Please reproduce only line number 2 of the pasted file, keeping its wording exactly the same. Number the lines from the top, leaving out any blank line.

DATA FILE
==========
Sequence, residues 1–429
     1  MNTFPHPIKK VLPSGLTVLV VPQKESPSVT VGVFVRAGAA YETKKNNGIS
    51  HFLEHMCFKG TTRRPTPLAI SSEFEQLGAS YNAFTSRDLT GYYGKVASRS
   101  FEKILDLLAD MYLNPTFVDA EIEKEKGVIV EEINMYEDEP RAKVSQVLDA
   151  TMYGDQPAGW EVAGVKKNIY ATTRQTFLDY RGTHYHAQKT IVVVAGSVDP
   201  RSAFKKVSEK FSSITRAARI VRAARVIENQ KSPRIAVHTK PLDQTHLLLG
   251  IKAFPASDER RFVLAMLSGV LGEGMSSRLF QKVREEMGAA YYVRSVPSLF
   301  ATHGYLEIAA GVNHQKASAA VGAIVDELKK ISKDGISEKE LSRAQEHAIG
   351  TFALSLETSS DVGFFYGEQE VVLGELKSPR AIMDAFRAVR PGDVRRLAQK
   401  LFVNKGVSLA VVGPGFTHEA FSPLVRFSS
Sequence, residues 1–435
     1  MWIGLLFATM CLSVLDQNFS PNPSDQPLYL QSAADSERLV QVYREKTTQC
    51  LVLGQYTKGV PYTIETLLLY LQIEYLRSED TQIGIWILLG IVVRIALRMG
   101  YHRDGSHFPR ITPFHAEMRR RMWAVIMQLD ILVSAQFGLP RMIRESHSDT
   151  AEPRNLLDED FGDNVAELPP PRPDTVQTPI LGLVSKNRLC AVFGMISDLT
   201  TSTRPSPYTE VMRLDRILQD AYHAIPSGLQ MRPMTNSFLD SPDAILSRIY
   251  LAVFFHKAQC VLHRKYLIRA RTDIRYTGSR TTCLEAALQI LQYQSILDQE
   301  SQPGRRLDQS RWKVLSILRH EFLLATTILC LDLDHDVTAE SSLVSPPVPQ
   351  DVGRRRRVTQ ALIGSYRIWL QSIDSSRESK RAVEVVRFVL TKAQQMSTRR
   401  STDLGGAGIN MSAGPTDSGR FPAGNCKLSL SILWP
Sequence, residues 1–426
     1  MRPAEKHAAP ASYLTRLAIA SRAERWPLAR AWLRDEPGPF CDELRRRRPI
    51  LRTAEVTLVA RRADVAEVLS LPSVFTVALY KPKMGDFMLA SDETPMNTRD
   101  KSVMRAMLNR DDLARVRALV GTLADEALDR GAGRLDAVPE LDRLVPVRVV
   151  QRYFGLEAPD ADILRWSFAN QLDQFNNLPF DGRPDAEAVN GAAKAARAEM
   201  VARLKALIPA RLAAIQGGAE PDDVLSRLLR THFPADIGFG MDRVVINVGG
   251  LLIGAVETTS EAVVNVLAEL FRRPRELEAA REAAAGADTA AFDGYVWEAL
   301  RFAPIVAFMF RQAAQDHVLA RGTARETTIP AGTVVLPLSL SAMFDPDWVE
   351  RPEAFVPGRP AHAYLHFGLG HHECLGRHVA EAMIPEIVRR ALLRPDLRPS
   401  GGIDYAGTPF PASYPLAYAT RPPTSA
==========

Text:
     1  MNTFPHPIKK VLPSGLTVLV VPQKESPSVT VGVFVRAGAA YETKKNNGIS